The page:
Blasts Kill Dozens in Iraq as Political Crisis Continues
AP photo: Iraqi security forces inspect a crater caused by a car bomb attack in the neighborhood of Karrada in Baghdad, Iraq, December 22, 2011.-

Iraqi officials say as many as a dozen explosions have hit the capital, Baghdad, killing at least 57 people and wounding nearly 180 others as a political crisis continues in the country.

The apparent coordinated blasts Thursday struck across the city, mainly in Shi'ite areas, days after the final withdrawal of U.S. troops from Iraq.

The attacks come as Iraq's Shi'ite-led government pursues the arrest of Vice President Tariq al-Hashemi on charges that he plotted to kill other government officials.

But Hashemi said Wednesday the allegations are politically motivated by the prime minister, whom Hashemi says wanted to consolidate power when U.S. troops left this month.

Hashemi says that Prime Minister Nouri al-Maliki controls the security and intelligence forces and does not allow other elected officials to interfere. The vice president fled to the semiautonomous Kurdish region of northern Iraq to escape a warrant for his arrest issued this week.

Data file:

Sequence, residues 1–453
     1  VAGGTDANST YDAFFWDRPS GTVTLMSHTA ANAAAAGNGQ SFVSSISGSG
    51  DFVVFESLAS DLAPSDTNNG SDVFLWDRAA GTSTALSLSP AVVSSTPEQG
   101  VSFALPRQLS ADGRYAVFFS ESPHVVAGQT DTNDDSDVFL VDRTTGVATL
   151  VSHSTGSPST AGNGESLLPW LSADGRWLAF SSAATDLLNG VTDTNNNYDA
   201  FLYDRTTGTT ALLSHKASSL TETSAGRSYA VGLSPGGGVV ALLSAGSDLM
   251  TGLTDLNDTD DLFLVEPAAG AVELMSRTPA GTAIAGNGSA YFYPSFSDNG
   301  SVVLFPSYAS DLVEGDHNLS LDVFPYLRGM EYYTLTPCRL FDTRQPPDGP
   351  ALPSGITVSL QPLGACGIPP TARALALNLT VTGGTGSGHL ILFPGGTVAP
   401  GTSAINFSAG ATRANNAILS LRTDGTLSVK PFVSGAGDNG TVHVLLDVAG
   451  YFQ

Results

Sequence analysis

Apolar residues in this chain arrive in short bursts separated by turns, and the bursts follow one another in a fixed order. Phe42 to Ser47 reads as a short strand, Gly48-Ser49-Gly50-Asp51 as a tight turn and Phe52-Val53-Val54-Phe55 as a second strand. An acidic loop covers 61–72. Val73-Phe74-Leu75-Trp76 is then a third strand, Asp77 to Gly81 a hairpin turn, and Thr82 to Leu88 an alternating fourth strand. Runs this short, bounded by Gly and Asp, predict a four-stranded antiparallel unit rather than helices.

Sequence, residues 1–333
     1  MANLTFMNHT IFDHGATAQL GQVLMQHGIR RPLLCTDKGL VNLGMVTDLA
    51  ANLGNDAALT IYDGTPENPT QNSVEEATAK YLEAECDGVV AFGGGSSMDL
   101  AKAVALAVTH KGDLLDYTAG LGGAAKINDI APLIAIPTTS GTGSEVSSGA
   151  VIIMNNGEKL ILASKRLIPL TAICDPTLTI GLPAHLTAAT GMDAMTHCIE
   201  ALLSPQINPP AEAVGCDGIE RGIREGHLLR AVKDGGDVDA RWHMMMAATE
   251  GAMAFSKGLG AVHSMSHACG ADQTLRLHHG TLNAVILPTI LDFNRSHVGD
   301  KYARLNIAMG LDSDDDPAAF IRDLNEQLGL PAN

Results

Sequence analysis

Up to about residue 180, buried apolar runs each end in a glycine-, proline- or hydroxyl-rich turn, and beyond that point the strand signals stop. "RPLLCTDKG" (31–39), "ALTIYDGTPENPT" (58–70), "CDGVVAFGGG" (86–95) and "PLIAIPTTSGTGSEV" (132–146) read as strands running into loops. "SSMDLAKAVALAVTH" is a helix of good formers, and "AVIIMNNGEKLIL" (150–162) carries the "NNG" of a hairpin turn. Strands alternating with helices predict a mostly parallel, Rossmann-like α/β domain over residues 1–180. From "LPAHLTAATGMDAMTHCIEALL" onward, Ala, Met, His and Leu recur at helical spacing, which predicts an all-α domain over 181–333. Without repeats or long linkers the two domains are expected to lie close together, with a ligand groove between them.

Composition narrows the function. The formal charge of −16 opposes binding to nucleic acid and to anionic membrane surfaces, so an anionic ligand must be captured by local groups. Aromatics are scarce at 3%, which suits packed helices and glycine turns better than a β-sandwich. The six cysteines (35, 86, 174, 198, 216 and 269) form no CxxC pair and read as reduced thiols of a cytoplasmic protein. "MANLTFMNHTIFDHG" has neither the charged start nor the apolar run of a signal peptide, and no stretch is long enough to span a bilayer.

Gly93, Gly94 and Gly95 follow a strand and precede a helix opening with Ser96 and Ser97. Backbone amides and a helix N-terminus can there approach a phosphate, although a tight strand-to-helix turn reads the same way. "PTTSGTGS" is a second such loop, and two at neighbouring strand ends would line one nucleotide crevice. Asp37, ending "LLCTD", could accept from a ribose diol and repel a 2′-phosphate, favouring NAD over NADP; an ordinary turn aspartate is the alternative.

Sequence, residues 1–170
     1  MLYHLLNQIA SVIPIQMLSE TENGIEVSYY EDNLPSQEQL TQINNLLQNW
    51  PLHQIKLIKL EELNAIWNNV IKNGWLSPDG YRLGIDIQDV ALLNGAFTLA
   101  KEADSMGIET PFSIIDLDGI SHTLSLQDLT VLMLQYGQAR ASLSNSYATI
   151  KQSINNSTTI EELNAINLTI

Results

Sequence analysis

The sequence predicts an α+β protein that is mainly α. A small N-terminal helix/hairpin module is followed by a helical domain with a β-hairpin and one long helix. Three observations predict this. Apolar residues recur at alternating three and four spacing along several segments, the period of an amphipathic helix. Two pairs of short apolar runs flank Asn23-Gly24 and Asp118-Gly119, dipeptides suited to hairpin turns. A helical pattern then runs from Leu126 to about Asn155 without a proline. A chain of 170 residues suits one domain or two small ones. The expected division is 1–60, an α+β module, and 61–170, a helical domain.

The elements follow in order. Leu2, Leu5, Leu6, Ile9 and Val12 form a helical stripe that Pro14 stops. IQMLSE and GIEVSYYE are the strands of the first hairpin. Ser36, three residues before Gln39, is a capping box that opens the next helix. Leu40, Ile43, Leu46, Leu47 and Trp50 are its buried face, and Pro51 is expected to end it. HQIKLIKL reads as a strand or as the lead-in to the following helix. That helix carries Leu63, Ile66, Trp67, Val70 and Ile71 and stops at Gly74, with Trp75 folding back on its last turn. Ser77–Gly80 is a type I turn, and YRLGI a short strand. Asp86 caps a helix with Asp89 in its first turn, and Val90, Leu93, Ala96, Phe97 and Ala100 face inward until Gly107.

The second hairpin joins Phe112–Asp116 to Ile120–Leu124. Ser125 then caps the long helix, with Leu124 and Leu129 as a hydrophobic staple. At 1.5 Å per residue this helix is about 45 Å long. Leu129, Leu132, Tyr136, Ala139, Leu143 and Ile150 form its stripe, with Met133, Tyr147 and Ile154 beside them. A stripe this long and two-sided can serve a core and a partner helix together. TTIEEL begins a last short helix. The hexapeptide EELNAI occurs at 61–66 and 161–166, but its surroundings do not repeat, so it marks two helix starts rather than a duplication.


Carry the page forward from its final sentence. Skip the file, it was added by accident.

Hashemi, a Sunni, says the United States failed to leave behind a democratic model in Iraq, leaving the nation vulnerable to interference from its Iranian neighbors.

Earlier Wednesday, Prime Minister Maliki, at a Baghdad news conference, called on Kurdish authorities to hand over the vice president.

A spokesman for Iraq's Interior Ministry says three of Hashemi's bodyguards confessed they planted bombs targeting Iraqi government and security officials with Hashemi's backing.

The alleged plot and a call last week by Maliki for a no-confidence vote in parliament against another leading Sunni politician, Deputy Prime Minister Saleh al-Mutlaq, have heightened political tension in Iraq.

On Tuesday, U.S. Vice President Joe Biden urged Iraqi leaders to settle their political differences.

The White House said Biden telephoned Maliki and the speaker of the Council of Representatives, Osama al-Nujaifi. It said Biden stressed the urgent need for the prime minister and the leaders of other political blocs to meet and work through their differences.

Both Hashemi and Mutlaq are leaders of Iraq's mostly Sunni Iraqiya political bloc, part of the coalition government.  Iraqiya's members walked out of parliament on Saturday, accusing Maliki of seizing power.

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